The Journal of Prevarication
In a decaying orbit since 1999
By Jim Cook, Official State Liar of Arizona
Clyde Tombaugh decided in 1930 that the light source he had found in photographs of the heavens was coming from a new planet.
A surprised colleague at Lowell Observatory in Flagstaff said, “The hell you say!”
And that’s why they named the planet Pluto, for the Greek god who ruled the underworld.
Yesterday, the International Astronomical Union, meeting in Prague, declared that Pluto is no longer a planet. It is now a “dwarf,” like Dopey, Bashful and Sleepy. (Can you name the other four?)
After years of arguing about what was a planet and what was some other kind of thing hurtling through time and space, the astronomers set out a new list of guidelines. The decision was not unanimous, but in the end, Pluto didn’t make the cut. They can’t be Sirius.
We could always claim Pluto as Arizona’s own, like the Grand Canyon, Barry Goldwater and twenty-nine varieties of cholla cactus.
“Did you know that Pluto was discovered in Arizona?”
“Yeah? What was it doing out there?”
Astronomers started coming to Arizona in the 19th Century because of the then-clear air for viewing the heavens. Dr. Percival Lowell, of the Boston Lowells, founded Lowell Observatory at Flagstaff in 1894, to pursue his belief that there was life on Mars.
He was spurred by the fact that in the years immediately following 1894, Mars would be at its closest point to Earth, and therefore easier to observe. Does this sound familiar?
During my formative years in Flagstaff, we knew that the observatory was one of the cultural institutions that rival towns did not have, and that so much intellect made our town a little odd. We lived in a world of Buck Rogers comics and a Disney dog named Pluto, but most of us had little idea what was going on up on Mars Hill.
Teachers, perhaps trying to instill in us the proper respect, occasionally brought up John Collins Bossidy’s famous toast:
And this is good old Boston,
The home of the bean and the cod,
Where the Lowells talk to the Cabots
And the Cabots talk only to God.
Knowing that Pluto was discovered from Flagstaff was one of those brags that boosted a little town, in a state that still had only one congressman (and no idea what a lucky thing that was).
We knew about Meteor Crater, a large impact crater about forty miles east of Flagstaff, but we didn’t know much. Scientists were still studying and arguing. It is believed to have been punched into the ground about 50,000 years ago by a nickel-iron meteorite 150 feet in diameter, traveling at 28,000 miles per hour. Pow!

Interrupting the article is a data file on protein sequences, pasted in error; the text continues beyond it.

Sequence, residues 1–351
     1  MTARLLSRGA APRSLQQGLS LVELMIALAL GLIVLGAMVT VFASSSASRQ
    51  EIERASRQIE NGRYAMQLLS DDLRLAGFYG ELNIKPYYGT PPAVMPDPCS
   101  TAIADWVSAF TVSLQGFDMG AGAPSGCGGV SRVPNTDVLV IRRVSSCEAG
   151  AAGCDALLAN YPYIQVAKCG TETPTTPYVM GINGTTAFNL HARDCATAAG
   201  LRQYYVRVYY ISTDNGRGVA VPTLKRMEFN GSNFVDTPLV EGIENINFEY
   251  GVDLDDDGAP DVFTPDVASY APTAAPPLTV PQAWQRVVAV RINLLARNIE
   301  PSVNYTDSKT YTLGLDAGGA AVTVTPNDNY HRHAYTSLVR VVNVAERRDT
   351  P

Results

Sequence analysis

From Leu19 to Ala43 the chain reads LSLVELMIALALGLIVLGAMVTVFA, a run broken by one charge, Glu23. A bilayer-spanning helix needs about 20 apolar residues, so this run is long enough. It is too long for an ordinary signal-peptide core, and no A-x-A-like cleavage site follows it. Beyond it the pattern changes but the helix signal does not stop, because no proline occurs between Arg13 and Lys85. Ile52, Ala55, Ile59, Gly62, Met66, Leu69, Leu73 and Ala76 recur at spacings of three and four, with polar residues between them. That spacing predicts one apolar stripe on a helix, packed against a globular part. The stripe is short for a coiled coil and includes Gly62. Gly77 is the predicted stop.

We learned that Dr. A.E. Douglass, an astronomer at Lowell, invented the science of dendrochronology in his spare time. Dendrochronology has nothing to do with dandruff. It is the science of tree ring dating. Kinky, huh?
Later on, after a I became a newspaperman, I was fortunate enough to interview the scientist for whom the Kuiper Belt is named, and one of the scientists for whom the Shoemaker-Levy Comet was named.
Gerard Kuiper and Eugene Shoemaker were kindly men, and pretended that I was capable of comprehending the numbers and theories they talked about. That was some years after I left Flagstaff.
I also learned about the Tucson meteorites, which Spanish settlers discovered in the Santa Rita Mountains. Iron was hard to come by in the New World, so they dragged the meteorites to the Presidio of Tucson. Armorers for the Spanish soldiers used at least one of the meteorites as an anvil.
I tried that brag out during a conversation in California a couple of weeks ago, and was accused of making it up.
Although Pluto has lost its planethood, it is still out there, a lumpy rock making an ellipitical orbit around the sun once every 247 years. Its temperature is minus-538 degrees Fahrenheit, so global warming is not yet an issue.
Its oblong orbit cost Pluto points in Prague, because its orbit crosses that of Neptune. According to the new rules, a real planet would not cross another planet’s path.
In summers in the 1950s, Flagstaff was packed with tourists traveling Route 66. At night, we’d cruise the curio shops on Santa Fe Avenue, hoping to meet out-of-town chicks.
One night when I was 16, I actually did connect with a pretty girl from Cleveland, Tennessee. Her parents said we could be out of their sight for one hour. She told me I was pronouncing “Tennessee” wrong; she pronounced it “TENN-essee.” We hit it off pretty well, and I wish I could remember her name.
I had my father’s Oldsmobile that night, and I drove up Mars Hill to show her the lights of the town below. I told her about Pluto being discovered from right on that very hill.
I had no idea where Pluto was in the heavens. But as we sat and gazed at the stars, I picked out one that was a little brighter than the others, and said, “That’s Pluto right there–see that little one to the left there…”
She got starry-eyed. She seemed really impressed that I would know right where the planet was. Thanks, Pluto.